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Is there a specific mount point to use for a partition so that it would appear separately in the side pane?

I mean that it would appear separately in the left pane of PCManFM or Thunar the way windows-partition and external usb devices appear.

(I do not mean it being the /home partition. Nor it being something like /boot because this would not display it as a partition on the left pane but it would look as a folder with that address (see this question). Would (any) such partition be kept after reinstall? Are there possible mount points with any name after / - like /somename? I wonder whether what I ask here is possible. I guess this question is very contaminated by the Windows experience.)

Here's a picture of the left pane in pcmanfm with the Windows partition (not mounted yet)

left pane of file manager

P.S. This question is not about changing my present partitions, I just want to know if that is possible. I'm in Lubuntu 12.10.

Edit after answer and comments:

I have an answer+comments saying that the partition should not have a mount point specified in order to achieve the asked result. How to create a partition (whether during or after install procedure) without setting the mount-point?

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Are only non-linux partitions (Windows and external drives) displayed as such in the left pane of PCManFM and Thunar?

No. Format a USB flash drive as Ext3/4 and you'll see it appear there too. If you would have another partition on your hard drive without any mount point specified in /etc/fstab it would appear there too.

The way the file manager mounts and manages the mounts as shown in the sidebar, has nothing to do with the system mounts. It's about what is mounting it. Using

gvfs-mount -l

you can see which are already managed by your desktop environment. This answer and the manpage of gvfs-mount will explain quite well how to mount filesystems the command-line way the same way as your file manager does that programmatically.

GVFS uses FUSE, an user space level filesystem approach, rather than in-kernel. It's about who manages the mounts on your system. The regular GUI file manager does not manage the system mounts (cat /proc/mounts) by design.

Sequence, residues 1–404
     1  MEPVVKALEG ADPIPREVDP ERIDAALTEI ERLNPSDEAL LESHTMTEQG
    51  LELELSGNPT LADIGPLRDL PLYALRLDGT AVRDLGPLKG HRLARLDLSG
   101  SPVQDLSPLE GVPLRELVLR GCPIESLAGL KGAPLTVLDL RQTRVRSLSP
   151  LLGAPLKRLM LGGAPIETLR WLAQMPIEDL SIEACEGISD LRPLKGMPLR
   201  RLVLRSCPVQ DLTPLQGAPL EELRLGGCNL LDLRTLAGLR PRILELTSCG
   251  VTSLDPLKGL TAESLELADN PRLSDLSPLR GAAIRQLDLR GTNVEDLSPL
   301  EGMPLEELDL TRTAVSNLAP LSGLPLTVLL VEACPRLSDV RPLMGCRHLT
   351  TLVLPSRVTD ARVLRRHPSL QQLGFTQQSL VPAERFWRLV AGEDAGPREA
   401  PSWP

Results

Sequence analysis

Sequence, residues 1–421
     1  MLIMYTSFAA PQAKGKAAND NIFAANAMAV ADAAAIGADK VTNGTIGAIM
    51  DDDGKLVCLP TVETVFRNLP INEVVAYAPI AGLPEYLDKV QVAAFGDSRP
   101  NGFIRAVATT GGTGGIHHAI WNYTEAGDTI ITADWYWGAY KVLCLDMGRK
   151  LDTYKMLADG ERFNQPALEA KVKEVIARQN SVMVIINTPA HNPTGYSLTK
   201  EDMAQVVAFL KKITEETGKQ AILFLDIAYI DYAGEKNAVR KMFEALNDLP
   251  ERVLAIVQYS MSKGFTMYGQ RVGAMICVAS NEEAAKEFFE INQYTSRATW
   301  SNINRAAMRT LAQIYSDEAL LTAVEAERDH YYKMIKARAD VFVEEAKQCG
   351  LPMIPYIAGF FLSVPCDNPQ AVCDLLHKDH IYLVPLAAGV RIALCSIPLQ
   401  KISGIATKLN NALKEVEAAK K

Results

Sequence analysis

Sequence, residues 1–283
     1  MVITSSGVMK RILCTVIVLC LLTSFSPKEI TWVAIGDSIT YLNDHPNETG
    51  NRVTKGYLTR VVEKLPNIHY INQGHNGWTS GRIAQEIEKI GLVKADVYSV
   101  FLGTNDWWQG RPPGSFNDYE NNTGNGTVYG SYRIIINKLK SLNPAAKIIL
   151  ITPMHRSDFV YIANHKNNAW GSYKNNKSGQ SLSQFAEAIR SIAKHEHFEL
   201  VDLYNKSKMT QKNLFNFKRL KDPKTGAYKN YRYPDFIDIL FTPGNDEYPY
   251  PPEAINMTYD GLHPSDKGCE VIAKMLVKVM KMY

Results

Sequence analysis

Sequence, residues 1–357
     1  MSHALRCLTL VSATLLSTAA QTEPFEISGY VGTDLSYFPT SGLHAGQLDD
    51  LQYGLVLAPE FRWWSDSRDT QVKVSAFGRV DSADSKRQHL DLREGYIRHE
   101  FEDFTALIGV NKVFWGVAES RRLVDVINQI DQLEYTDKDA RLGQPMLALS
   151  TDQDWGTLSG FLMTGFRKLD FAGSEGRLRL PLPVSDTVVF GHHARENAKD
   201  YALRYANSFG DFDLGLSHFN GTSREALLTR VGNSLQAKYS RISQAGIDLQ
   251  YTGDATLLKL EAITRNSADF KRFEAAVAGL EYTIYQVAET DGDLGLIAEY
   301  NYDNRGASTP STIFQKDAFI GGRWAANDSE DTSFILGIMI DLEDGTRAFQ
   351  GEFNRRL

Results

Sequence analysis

Would (any) such partition be kept after reinstall?

Completely unrelated. This is an option in the installer.

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@cipricus No, the answer is no. I have an internal hard drive with a Ext4 partition. It shows up in any file manager there as I don't have it managed by my system. But if you would have rephrased to "will it hide volumes managed by fstab?" then it would be Yes. –  gertvdijk Jan 15 '13 at 12:47
    
so, a "partition on your hard drive without any mount point specified" it would appear there? can one create a partition during install without setting a mount point? i thought that no. how you create such partition? in fact that was my question, because i thought that some special path had to be written for the mount point (instead of / or /home etc) to get that specific result. –  cipricus Jan 15 '13 at 12:50
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@cipricus Yes. Using any partition editor and creating a filesystem on it (e.g. mkfs.ext4 /dev/sdX9). The installer also allows you to in the advanced mode and not setting any mount point. However, I prefer to do things myself afterwards and not fiddle with partitions not needed at installation time. If the bold part of your comment above was your question to ask, then why did you ask something else? –  gertvdijk Jan 15 '13 at 12:52
    
well, could you add that into your answer? i guess that is the definitive answer to my question, if you only could detail a bit the phrase "Using any partition editor and creating a filesystem on it (e.g. mkfs.ext4 /dev/sdX9)" as answer. –  cipricus Jan 15 '13 at 12:56
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Your question was suggesting too much towards a wrong solution/answer as you were looking in the wrong direction. If I understand you correctly, your question should have been "How do I create a file system / partition / volume that would appear in the side bar of my file manager?". It's answered here: Need to create a Partition after installing Ubuntu. –  gertvdijk Jan 15 '13 at 13:02

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